Short-listed Entry: Fiction Category
By: Srikanth Tirupattur Ramamurthy
His mind was black and cold, for he had lost everything and felt utterly numb. There was nothing he could say or do, he had lost all that mattered, it was gone. Just like that, like some sort of cruel prank that fate played on him.
His home was full of things his wife used to own. Her jewelry, her perfume, the 1948 Bordeaux that she had got from their trip to France, the bags of scented materials, the mural of an unmarked grave, her mind numbing scent, but her soul had gone. The sweat on her forehead was still fresh, even though, strangely, she was cold to touch. She was still smiling, but all he could think while touching her was how empty it felt. How hollow and fucking empty it felt. He then touched her stomach, which held the child he so loved. He often thought how strange it was to be so in love with someone whom he hadn’t even met or seen. Such was the strength, he assumed, of love. Some people are meant to be loved, and some aren’t, but now his wife had die. She had ceased to exist and so did his beloved child. Did that mean that he didn’t love them anymore? Was it possible to love someone or something that didn’t exist? No sooner did that thought enter his mind, than he crumbled under it. He felt sickened of the whole world except the two people he so loved and himself, but now he felt sickened of himself too.
There were no feelings like the ones he felt at that very moment. It was dry as a funeral drum and yet, violent as a tempest. He tried to cry, but just couldn’t. He tried to stand up and pour himself a drink, but he just didn’t feel like it. This was the most withdrawn he had ever been, simply because the only people whom he loved and cherished had suddenly ceased to exist and he couldn’t take the shock of it. He couldn’t hold a thought in his mind, and at the same time couldn’t stop the tempest of chaos either. All he wanted to do was lie there, and hope that it wasn’t all lost, but he knew in his heart that it was gone, dead, and that his world was empty now.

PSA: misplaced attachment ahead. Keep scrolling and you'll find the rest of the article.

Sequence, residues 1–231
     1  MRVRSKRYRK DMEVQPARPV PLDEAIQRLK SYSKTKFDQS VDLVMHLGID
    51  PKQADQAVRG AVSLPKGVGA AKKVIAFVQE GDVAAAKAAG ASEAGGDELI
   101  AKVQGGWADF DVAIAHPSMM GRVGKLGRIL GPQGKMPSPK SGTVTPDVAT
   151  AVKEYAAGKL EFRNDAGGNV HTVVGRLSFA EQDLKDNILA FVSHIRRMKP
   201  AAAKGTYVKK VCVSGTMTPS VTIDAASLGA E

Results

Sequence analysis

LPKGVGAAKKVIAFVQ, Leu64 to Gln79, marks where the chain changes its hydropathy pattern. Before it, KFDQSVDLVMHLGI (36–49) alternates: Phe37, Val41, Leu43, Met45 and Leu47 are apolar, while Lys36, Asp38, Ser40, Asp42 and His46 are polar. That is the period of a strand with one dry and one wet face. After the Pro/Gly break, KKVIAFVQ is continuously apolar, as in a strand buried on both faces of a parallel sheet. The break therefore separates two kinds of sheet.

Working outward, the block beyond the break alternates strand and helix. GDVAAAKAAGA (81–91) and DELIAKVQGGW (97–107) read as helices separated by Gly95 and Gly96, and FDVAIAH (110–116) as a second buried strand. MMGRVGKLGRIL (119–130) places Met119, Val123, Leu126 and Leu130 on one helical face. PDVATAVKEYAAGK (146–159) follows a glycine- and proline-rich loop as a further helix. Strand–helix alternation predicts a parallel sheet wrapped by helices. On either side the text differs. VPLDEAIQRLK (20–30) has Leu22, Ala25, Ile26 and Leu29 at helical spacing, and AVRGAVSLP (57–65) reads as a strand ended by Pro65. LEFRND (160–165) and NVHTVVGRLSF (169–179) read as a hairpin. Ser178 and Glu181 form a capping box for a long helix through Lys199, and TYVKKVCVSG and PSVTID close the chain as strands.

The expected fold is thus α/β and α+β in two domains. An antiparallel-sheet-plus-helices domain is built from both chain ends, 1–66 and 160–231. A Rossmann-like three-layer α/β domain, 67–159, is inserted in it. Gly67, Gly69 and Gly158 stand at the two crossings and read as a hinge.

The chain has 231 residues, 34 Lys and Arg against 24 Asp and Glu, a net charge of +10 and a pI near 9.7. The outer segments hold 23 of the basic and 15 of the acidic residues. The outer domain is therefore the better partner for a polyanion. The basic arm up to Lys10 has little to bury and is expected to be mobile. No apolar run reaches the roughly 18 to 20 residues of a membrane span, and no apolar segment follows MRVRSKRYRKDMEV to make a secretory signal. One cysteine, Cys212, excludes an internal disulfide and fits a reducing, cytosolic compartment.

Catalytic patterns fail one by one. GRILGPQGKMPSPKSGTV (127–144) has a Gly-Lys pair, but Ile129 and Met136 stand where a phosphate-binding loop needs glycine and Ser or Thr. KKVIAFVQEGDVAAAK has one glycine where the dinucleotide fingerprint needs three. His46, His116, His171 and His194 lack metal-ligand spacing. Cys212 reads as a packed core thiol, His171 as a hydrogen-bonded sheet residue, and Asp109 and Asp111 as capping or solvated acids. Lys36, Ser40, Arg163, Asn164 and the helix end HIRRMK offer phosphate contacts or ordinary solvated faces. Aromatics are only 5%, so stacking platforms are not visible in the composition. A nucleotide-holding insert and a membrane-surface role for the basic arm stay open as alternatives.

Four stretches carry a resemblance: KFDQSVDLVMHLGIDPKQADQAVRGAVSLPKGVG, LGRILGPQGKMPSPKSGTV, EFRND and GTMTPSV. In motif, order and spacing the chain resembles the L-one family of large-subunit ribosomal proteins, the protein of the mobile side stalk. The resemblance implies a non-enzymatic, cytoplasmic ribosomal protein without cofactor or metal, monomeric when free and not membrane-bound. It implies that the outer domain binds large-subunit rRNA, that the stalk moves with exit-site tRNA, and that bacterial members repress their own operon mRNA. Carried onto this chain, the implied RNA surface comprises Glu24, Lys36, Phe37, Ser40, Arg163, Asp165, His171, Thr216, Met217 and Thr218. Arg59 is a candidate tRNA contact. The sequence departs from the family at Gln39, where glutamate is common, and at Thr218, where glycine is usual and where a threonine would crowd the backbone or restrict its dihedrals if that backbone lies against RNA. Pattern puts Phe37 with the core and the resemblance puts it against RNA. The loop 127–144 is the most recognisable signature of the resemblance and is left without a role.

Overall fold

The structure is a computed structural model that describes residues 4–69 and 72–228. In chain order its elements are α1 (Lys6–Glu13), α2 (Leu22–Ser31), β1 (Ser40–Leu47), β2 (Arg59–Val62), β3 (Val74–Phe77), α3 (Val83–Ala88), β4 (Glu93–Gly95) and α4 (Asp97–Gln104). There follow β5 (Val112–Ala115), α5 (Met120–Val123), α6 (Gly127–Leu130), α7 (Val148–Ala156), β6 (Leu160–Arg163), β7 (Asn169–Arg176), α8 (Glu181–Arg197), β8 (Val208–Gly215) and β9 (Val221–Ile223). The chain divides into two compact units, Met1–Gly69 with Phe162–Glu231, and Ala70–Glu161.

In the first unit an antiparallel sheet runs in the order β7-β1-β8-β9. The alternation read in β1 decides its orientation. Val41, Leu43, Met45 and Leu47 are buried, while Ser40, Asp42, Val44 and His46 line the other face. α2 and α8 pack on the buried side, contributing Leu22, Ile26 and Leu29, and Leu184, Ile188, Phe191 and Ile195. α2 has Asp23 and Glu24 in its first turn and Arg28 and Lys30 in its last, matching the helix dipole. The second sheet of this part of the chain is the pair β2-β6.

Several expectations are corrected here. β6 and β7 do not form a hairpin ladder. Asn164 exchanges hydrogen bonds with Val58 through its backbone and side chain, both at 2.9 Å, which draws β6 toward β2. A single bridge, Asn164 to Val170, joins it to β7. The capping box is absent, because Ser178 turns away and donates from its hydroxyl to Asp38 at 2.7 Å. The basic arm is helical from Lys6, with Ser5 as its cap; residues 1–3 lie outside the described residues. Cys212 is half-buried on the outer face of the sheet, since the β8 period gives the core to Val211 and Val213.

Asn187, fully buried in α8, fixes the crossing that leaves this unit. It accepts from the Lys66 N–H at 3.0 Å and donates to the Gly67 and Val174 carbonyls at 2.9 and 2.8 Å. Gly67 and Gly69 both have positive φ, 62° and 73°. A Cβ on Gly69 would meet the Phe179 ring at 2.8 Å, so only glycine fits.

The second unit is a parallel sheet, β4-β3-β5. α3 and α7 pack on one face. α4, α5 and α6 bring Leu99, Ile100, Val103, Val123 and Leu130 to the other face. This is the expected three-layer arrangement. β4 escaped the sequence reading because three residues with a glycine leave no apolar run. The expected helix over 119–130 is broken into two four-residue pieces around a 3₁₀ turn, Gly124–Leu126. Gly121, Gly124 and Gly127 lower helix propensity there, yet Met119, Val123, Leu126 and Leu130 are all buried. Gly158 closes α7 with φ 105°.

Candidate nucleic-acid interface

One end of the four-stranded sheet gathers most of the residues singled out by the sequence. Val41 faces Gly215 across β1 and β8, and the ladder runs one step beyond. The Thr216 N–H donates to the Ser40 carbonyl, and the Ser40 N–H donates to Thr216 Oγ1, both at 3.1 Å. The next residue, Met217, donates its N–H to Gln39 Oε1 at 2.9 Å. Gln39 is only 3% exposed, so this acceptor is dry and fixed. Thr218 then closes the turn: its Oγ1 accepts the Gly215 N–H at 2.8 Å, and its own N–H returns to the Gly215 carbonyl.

They had gone, disappeared, left him for dead in this apocryphal hell, but wait, maybe he could meet them once again, maybe he can hug his wife, kiss her and smell her hair, maybe he can see his daughter being born, maybe he can hold her in her arms while she squeezes his finger with her soft angelic hands, maybe, just maybe, he can feel love again.
This sparked hope in him, maybe there was an afterlife, maybe there was meaning to life, and maybe there was a God after all. Its strange that in his weakest moment, he was somehow spiritually stronger than he ever was. He suddenly got up from the sofa. His mind was dead silent and black. His heart pumped all the blood he bloody well wanted. He went to the kitchen and almost instinctively reached for the knife in the drawer, not even noticing the mural that his wife thought to be so surreal. He looked at his wife and baby, smiled, and stabbed himself in the heart, and that was it. It was over.
Now he could finally see his wife and see his daughter bloom in the afterlife. He waited with a beaming smile on his face, but there was nothing. There was just blackness and deafening silence. He tried to look around, but couldn’t. He tried to talk, but couldn’t. He couldn’t even cry at the decision he had
taken. He could feel, but somehow, there was nothing around him, there was no HIM. All doubts he had about the existence or non-existence of a loving God and an afterlife now disappeared, for there was no doubt – there is no God. There is nothing beyond this sad pathetic life and there is nothing for us in this desperate and lonely life either, because nothing is yours, because once you take your last breath, its all gone. Everything. Including yourself, but the plethora of feelings he felt in those few minutes was worth a lifetime. The love he felt for his wife and daughter was worth any price that can ever be named. These few minutes when he thought he was going to see his family again were worth EVERYTHING to him and he sighed and smiled at his situation and how futile and helpless his life was.